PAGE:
The Water Boards do have programs that can help in an emergency. For example, the Water Board has pre-certified certain emergency repairs, such as clearing sedimentation and vegetative growth from channels, under a Corps of Engineers permit to facilitate readiness.
Other agencies, such as the Office of Emergency Services and U.S. EPA Region 9 are also resources for El Nino preparedness.
Perhaps the most useful thing agencies can do is to communicate with one another, share ideas and strategies for being ready—as ready as they can be for something that can’t be precisely predicted.
The City of Montreal last month released 2 billion gallons of raw sewage into the St Lawrence River so it could bypass an interceptor and complete critical repairs. Have you ever heard of a California agency doing this? Would a California agency receive a permit to release raw sewage to complete repairs?
I am not aware of any releases of this untreated wastewater for repair purposes. However, the law and regulations do allow for limited planned bypasses, recognizing that having sound infrastructure is critical to a sustainable sanitation system. Under the regulations, a permittee may seek authority for a planned bypass, which does not cause effluent limitations to be exceeded, if the bypass is for essential maintenance to assure efficient operation.
The Los Angeles County Sanitation Districts undertook a planned bypass several years ago for the purpose of major maintenance on its ocean outfall—but I stress that the wastewater was treated and met all permit requirements. It was simply discharged at a location other than the permitted outfall.
If an unplanned bypass occurs at a treatment facility as a result of El Nino, and agency may be able to establish a bypass defense if it can show that the bypass was unavoidable to prevent loss of life, personal injury, or severe property damage, there were no feasible alternatives to the bypass, and the regional board is notified within 24 hours of the unplanned bypass.
Agencies should review their permit language regarding bypass and may also want to consult with the Regional Board in advance regarding the scope of what would be considered feasible alternatives in the context of El Nino storms.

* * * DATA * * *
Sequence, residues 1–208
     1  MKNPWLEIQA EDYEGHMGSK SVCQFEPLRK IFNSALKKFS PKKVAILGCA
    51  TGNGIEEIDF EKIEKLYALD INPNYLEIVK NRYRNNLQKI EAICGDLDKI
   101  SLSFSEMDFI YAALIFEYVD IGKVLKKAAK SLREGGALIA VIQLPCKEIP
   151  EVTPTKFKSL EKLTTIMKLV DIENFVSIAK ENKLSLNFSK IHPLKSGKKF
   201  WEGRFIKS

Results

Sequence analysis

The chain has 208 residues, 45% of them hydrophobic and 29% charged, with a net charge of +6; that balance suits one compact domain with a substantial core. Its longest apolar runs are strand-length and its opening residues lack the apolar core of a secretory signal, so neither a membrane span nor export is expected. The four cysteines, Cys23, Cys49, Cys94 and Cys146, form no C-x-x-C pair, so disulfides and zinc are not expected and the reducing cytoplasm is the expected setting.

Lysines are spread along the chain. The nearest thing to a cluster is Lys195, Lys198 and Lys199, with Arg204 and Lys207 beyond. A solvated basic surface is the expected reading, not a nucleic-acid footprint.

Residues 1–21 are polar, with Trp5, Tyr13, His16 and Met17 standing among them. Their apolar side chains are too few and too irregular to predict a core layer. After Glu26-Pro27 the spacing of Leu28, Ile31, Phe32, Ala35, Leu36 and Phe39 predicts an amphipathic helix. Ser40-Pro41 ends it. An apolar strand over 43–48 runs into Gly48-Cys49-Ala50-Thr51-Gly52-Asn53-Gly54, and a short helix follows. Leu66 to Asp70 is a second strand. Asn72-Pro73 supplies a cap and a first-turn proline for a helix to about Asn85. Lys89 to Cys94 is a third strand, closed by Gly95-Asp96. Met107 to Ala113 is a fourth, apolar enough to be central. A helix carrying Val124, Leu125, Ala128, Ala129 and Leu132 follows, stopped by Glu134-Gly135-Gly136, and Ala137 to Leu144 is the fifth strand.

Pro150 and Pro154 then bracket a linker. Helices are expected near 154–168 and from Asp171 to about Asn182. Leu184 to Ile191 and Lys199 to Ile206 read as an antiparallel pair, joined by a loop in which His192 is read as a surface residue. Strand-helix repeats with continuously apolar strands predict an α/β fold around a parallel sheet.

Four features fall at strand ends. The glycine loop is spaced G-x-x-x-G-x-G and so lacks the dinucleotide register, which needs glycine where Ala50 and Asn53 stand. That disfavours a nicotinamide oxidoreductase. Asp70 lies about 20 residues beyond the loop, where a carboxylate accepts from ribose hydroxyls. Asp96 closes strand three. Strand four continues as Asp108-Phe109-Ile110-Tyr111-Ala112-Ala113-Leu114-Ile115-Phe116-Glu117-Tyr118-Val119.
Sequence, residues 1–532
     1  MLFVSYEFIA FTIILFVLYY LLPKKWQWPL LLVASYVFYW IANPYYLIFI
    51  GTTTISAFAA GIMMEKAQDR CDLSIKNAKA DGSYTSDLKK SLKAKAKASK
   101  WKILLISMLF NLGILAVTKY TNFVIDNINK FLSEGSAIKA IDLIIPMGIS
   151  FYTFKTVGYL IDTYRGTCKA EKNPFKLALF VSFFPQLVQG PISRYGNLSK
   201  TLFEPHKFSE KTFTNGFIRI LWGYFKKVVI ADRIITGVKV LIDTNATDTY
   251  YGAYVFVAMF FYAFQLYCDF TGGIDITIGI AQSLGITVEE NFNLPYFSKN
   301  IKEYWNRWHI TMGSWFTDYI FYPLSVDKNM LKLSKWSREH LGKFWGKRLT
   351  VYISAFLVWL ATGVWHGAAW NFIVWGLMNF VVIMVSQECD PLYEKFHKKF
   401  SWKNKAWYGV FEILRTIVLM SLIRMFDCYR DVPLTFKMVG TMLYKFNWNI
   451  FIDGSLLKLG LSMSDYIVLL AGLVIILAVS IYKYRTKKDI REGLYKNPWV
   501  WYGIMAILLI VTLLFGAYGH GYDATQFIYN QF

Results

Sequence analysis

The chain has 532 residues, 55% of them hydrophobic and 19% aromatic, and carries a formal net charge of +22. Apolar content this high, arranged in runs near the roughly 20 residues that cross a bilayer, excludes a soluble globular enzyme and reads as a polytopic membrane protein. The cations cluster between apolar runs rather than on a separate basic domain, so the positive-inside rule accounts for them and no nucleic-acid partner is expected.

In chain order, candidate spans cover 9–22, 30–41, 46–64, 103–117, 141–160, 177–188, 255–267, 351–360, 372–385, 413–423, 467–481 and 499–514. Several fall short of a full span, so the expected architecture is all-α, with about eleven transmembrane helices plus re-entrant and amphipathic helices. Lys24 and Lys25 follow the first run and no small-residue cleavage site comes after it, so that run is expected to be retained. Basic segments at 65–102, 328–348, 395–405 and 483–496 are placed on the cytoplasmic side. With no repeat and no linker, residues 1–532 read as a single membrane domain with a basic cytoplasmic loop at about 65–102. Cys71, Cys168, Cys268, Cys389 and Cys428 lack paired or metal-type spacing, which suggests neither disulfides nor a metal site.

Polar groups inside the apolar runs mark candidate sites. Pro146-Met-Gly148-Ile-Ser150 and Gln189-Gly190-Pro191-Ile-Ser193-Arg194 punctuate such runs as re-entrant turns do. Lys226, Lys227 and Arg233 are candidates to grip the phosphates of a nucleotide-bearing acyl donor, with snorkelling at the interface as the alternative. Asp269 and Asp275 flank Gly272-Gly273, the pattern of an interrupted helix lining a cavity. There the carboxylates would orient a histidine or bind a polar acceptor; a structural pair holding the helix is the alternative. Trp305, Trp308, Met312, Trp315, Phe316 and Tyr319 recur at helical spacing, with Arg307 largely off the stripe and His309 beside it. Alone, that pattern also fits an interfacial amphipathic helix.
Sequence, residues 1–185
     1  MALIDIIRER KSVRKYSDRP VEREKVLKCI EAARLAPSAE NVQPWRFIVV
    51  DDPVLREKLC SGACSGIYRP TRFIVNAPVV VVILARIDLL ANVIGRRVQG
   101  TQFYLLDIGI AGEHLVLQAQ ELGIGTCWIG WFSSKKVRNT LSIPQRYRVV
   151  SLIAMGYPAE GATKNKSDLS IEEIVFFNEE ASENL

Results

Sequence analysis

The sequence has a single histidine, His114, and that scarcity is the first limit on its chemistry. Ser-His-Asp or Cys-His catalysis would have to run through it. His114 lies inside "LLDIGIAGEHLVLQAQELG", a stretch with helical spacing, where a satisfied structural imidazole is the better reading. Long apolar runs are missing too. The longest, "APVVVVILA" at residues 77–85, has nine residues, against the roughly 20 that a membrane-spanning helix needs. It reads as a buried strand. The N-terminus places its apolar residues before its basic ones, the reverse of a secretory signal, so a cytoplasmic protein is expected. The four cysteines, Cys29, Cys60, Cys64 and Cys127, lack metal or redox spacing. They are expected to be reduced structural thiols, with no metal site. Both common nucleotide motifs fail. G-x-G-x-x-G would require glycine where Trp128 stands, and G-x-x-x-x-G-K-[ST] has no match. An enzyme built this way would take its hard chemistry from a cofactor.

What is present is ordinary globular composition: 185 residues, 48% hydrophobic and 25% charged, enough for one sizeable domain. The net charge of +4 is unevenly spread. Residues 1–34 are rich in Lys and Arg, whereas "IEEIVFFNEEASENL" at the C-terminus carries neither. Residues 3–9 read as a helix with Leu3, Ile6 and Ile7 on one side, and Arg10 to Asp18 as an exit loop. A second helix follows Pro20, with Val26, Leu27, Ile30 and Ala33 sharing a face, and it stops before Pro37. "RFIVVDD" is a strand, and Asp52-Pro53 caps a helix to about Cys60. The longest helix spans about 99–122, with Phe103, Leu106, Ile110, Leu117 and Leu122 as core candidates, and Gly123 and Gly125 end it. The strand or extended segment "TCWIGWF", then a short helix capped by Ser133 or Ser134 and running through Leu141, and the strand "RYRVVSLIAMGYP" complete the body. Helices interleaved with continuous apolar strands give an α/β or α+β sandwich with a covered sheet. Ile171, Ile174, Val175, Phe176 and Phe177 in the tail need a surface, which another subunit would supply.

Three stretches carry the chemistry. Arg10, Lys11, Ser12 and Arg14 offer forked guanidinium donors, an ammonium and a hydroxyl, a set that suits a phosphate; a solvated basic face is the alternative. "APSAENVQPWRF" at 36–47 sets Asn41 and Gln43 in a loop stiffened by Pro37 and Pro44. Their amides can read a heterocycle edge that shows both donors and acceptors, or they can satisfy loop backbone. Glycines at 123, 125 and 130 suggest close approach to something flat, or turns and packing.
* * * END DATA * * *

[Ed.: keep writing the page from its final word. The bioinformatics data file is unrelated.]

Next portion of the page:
Does California have the most stringent sewer system management regulations in the nation and, if so, why?
I am not fully conversant with the regulations in all 50 states, but I can say that California’s regulatory system is the most comprehensive of which I am aware. The enforcement presence in California is also greater than in many areas of the country, with the Water Boards, EPA and third party plaintiffs all quite active.
When the general permit was adopted in 2006, the idea of permitting all publicly owned collection systems separately from the treatment works was novel and drew significant interest from our colleagues in other states.
Many agencies in the east and midwest operate combined sewer and stormwater systems, and the focus of regulations and enforcement in these communities has been on upgrading combined systems through both gray and green infrastructure to reduce the discharge of untreated flows to waters during storms.
California agencies have done a commendable job of investing in their systems and embracing the concept of “the collection system of the future.” 95% of agencies covered by the general order have completed and certified their sewer system management plans.
The most recent Water Board compliance report for SSOs confirms a reduction in spills over time as the permit has been implemented. On a day-to-day basis, California’s wastewater agencies are performing at a high standard. The prospect of El Nino storms presents a major challenge and it is in our collective interest to be as ready as we can be.
Thanks Bobbi for the insights!
How is your agency preparing? Or what is your greatest concern about these potential El Nino storms? Tell us in the comments section below…